The exploit Charlie chose to win his iPhone from Avi concentrated on a Perl module fixed a whole year ago - everywhere but in Cupertino. As the change log explained exactly what was wrong and how the flaw was fixed Charlie and his team basically had the table set for them from the outset.

Never before has the calamity of giving in to fanboys been more apparent. But for the clamouring of this unsavoury lot things might be a lot better today. Open source modules could be kept on track with research in the rest of the industry. And hopefully that lackadaisical attitude that 'no one gives a shit about us' would gradually erode. While it may be true that no one does give a shit about hacking OS X that situation can't stand for long.

Hacking has changed completely in only a few years. Once the realm of pranks it's today big business. And business builds on occasionally small margins but with big numbers. The more targets you can find the better the odds of actually succeeding.

Hacking today goes after thin demographics. Has anyone been hit by the Samba hole? Odds are they wouldn't know about it. Hackers aren't after tagging their pseudonyms anymore - they want money. And Charlie demonstrated how easy it was to get that money. With 100% full access to his 'rooted' iPhone he could pick up any data he wanted - bank account numbers, passwords, anything.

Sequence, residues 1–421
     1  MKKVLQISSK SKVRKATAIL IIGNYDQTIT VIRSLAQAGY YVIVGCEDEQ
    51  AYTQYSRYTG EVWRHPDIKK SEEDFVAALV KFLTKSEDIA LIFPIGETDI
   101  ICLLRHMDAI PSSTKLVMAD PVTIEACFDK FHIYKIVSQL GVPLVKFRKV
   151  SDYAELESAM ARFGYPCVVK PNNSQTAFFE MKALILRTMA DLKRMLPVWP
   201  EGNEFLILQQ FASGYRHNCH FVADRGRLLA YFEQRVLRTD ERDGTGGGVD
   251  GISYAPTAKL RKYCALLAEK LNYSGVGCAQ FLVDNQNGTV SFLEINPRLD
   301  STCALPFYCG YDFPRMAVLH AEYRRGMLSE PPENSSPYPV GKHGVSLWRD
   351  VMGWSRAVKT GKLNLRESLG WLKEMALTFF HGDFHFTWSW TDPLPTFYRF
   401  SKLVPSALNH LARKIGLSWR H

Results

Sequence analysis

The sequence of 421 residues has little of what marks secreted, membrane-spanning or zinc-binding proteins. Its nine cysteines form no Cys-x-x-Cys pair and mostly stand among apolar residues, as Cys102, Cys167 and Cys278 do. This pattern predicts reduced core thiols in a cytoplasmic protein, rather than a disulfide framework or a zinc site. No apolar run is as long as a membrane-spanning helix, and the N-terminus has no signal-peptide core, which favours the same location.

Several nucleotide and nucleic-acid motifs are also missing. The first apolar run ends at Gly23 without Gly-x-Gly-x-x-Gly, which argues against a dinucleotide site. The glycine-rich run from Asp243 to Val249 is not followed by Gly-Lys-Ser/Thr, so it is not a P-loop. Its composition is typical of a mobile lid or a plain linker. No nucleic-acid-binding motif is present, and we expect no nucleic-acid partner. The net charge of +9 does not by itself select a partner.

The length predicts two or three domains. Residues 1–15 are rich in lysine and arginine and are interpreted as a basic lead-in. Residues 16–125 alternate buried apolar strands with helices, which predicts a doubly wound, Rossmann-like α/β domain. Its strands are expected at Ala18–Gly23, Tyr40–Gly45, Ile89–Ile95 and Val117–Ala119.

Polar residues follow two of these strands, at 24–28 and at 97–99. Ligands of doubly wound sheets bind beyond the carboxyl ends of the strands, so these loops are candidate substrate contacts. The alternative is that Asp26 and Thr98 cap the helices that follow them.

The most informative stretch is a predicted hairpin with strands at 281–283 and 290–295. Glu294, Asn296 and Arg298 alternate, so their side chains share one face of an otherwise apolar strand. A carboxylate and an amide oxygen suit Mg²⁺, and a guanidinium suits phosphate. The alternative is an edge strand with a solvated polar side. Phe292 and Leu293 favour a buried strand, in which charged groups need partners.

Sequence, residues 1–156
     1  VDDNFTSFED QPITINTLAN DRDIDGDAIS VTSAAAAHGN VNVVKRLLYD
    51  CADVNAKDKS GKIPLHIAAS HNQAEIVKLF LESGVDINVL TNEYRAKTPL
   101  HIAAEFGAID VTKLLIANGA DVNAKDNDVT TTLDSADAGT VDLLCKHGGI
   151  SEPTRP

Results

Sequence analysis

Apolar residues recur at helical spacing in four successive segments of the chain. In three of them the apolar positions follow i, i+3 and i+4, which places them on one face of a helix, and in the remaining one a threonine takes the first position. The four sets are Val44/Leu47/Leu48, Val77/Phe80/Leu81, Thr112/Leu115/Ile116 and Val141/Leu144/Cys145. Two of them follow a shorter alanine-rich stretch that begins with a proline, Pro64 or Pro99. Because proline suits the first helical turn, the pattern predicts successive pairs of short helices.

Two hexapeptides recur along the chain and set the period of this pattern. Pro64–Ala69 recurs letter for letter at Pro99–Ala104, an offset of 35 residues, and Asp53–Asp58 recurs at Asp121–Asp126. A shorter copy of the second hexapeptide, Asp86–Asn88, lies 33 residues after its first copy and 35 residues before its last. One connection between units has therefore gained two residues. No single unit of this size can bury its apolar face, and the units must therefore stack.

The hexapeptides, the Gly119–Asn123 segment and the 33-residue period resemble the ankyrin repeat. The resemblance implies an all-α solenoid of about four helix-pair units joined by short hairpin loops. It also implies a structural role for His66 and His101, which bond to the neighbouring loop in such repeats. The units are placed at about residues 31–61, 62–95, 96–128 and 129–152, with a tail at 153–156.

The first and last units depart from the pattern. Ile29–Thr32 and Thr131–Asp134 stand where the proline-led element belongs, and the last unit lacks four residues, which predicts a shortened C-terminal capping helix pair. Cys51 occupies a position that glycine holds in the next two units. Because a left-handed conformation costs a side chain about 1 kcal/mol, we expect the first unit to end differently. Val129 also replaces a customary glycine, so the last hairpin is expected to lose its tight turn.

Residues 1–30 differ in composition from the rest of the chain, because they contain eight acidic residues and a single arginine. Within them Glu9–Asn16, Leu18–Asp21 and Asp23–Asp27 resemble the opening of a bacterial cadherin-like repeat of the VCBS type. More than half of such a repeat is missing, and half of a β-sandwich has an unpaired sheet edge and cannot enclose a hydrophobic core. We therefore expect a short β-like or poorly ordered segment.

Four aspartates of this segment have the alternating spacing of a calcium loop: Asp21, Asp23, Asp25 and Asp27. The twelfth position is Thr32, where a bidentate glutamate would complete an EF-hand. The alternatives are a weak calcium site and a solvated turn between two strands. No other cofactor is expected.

The fanboys are going to have a hard time wiggling out of this one. All along they've screamed that they're more secure than IBM mainframes. The most secure system in the world. They didn't really care if it was Unix - they just wanted their precious 'Mac' interface - whatever that was. Yet it's pretty easy to see what would happen if the Fanboy Dream Machine™ were put on the Internet today. If it didn't crash on its own first - which is a distinct possibility - it would be hacked to smithereens. Today's connected world demands Unix - but it also demand proper use of Unix.

When black hats and gray hats and white hats come out and say Microsoft are better today at security than Apple - this is what they mean. Not that Windows is more secure - for it never will be. Windows is hopeless both today and tomorrow. But Microsoft's security procedures are better. They randomise memory; they protect memory; they try to keep all their systems worldwide up to date; and when they discover a flaw they can put the fix into production right away. They don't have to wait until Landon, Arno, and the rest of those graybeards retrofit the HFS multi-link system, Finder flags, COLOURS, resource forks, creator codes, and file types into it.

See Also
'How I Hacked the iPhone'

Alpine Dottie
Effective UID: 0
iPhone and Security
iPhone and the Media
iPhone and Full Disclosure
iPhone Hack to be Patched
iPhone OS X System Architecture

Thanks to Devon at Pixel Groovy for the excellent artwork.